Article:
For their pellet grills, Traeger has a few series to choose from. These include the Timberline series, Ironwood Series, and Pro Series. They also have a few solo items, like the Tailgater, Ranger, Junior Elite 20, Bronson 20, and Select Pro pellet grills. These all come in a variety of sizes, with varying features, though the main areas of the grill, hopper, and auger, remain the same. Traeger even has some commercial models for those who need to make a lot of food all at once. These include the Large Commercial Pellet Grill Trailer and the Double Commercial Pellet Grill Trailer, both of which can be hooked onto the back of your truck to take wherever your grilling skills are needed.
When it comes to the warranty on Traeger grills, it is a bit more simplistic than with Weber. All of the residential grills Traeger sells have a 3-year limited warranty, while their commercial grills have a 1-year limited warranty. So, as long as you know what grill you have, you know how long it’s covered for.
Weber vs Traeger: Comparing popular models
It would take quite a while to compare all of the grills these two brands have to offer, especially when you consider just how many different types and series that Weber has to offer. Instead, we’re going to compare the best of these two brands. This will help you decide which one is the top contender in the Weber vs Traeger debate.
Our first product comparison is going to be the Weber Genesis II E-335 vs the Traeger Pro Series 22. Both of these models have great performance and versatility, though they excel in different areas.
The Weber model has 2 main burners with a rating of 39,000 BTU, plus an extra 9000 BTU sear station burner. It also includes a side burner for your sauces or sides. The cooking area is quite large, with 513 sq. inches of space for cooking your burgers, steaks, chicken, or some tasty skewers. The Genesis II E-335 also comes with a tuck-away warming rack that adds another 156 sq. inches of space.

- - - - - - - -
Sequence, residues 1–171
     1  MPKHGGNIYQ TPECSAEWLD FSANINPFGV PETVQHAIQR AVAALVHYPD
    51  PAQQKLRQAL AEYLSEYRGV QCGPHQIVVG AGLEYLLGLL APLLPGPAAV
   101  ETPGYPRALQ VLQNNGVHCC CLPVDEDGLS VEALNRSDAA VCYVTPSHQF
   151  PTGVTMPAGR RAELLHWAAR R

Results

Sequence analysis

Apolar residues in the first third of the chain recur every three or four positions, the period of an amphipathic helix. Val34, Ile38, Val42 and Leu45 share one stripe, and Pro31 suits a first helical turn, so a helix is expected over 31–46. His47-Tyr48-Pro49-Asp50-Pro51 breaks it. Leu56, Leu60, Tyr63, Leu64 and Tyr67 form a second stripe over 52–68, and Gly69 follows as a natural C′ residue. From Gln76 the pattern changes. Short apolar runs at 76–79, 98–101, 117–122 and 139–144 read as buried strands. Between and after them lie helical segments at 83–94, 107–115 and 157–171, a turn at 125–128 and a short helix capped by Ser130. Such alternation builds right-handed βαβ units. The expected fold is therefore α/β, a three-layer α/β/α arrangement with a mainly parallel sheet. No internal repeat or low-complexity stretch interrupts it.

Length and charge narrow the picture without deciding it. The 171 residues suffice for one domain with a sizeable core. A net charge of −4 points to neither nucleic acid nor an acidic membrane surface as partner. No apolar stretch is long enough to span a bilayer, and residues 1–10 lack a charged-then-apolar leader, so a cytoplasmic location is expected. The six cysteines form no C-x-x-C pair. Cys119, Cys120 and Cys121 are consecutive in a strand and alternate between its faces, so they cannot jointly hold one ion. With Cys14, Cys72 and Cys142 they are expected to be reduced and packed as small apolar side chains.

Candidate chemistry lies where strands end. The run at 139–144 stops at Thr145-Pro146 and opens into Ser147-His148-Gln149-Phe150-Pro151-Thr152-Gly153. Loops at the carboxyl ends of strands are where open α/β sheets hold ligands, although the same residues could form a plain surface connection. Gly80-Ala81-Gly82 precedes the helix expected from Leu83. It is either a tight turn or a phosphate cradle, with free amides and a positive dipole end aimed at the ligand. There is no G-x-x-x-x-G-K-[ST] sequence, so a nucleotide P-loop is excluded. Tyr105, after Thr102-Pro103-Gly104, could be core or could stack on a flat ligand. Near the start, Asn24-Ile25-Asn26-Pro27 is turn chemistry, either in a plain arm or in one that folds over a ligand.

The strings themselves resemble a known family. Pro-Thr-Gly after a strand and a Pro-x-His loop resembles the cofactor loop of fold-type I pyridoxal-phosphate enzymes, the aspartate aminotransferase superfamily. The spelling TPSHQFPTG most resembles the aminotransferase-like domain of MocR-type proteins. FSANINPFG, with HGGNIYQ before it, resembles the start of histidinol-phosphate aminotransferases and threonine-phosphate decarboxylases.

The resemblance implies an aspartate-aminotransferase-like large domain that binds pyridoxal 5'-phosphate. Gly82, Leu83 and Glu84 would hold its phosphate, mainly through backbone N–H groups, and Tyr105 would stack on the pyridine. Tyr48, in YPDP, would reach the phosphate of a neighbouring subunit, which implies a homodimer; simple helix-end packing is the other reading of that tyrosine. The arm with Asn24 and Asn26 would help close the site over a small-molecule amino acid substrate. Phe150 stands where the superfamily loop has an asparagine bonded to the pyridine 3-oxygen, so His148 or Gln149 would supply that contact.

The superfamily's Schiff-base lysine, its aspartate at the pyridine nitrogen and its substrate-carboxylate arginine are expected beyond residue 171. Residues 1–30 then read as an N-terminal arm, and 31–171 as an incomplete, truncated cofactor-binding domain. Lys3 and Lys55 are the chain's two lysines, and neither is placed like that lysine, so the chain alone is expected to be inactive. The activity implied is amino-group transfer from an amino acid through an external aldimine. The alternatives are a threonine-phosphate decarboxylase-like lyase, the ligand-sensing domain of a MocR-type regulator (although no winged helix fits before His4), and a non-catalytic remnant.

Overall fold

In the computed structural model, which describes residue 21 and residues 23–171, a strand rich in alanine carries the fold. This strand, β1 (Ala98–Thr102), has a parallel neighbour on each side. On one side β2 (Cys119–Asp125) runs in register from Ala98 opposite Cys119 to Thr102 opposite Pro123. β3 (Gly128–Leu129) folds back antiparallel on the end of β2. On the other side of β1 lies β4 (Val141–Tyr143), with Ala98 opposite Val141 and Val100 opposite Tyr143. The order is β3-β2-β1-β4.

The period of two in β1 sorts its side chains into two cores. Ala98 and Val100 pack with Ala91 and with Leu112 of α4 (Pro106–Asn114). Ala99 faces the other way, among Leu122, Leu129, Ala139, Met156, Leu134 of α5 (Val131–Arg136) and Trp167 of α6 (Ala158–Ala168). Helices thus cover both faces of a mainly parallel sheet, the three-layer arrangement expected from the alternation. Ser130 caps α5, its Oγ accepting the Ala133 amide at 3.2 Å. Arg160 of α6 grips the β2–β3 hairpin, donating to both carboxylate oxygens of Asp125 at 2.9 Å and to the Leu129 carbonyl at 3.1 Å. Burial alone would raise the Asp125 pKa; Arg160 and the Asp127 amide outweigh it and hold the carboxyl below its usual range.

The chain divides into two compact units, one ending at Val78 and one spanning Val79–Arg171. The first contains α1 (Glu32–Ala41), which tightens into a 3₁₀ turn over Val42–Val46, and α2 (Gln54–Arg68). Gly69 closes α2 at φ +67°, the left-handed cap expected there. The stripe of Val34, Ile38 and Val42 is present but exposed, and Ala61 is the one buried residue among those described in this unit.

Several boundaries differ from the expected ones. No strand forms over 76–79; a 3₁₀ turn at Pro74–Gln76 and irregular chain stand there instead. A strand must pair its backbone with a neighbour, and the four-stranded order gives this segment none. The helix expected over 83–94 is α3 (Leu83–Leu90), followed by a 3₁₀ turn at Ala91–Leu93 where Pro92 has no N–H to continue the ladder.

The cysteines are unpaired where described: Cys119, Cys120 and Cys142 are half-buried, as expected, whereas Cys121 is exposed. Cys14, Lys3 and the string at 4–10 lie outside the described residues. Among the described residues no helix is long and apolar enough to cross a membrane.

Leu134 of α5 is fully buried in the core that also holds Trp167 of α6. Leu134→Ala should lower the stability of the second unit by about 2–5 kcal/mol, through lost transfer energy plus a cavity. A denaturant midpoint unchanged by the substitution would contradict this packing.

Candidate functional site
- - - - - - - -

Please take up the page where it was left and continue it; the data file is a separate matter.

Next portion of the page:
The Traeger Pro Series 22 has a durable steel construction with a powder-coated finish to keep it rust-free and looking great. This pellet model can be used to grill, barbecue, smoke, roast, braise, and bake, so you can use it for every meal, no matter what you’re hungry for. This model has a cooking area of 572 sq. inches, which is larger than the main area on the Weber model, though smaller if the warming rack and side burner are added to the mix. The Traeger still gives you a huge amount of space for 24 burgers, 5 rib racks, or 4 whole chickens.
The Weber Genesis model uses an Infinity Ignition system to make lighting your grill easy. The burner controls are easy to use, plus it includes a built-in lid thermometer. This grill is also IGrill 3 compatible, though the app-connected thermometer is sold separately. This monitors the cooking food and notifies you when it’s at the perfect temperature.
The Pro Series 22 comes with a Digital Pro Controller that includes Advanced Grilling Logic technology that keeps your temperature within 15 degrees of the one you’ve set on the controls for precise grilling. The controls are easy to use, with a dial and a digital display.
Weber’s grill uses porcelain-enameled cast-iron cooking grates and a porcelain-enameled lid. This coating makes these areas easy to clean. Traeger’s grill grates are also porcelain for the same reason, so you won’t struggle to clean them after the meal is done.
Our next comparison is the Weber Spirit II E-210 vs the Traeger Lil Tex Elite 22. These are medium-sized units that won’t take up a huge amount of space in your yard but can still produce enough meat to feed a small army.
The Weber Spirit II E-210 is a natural gas grill with 2 burners, which have a rating of 26,500 BTU. This grill has a main cooking area of 360 sq. inches, plus has an extra warming rack that adds another 90 sq. inches of space when needed. The burners are stainless steel, so they should last for several years of grilling.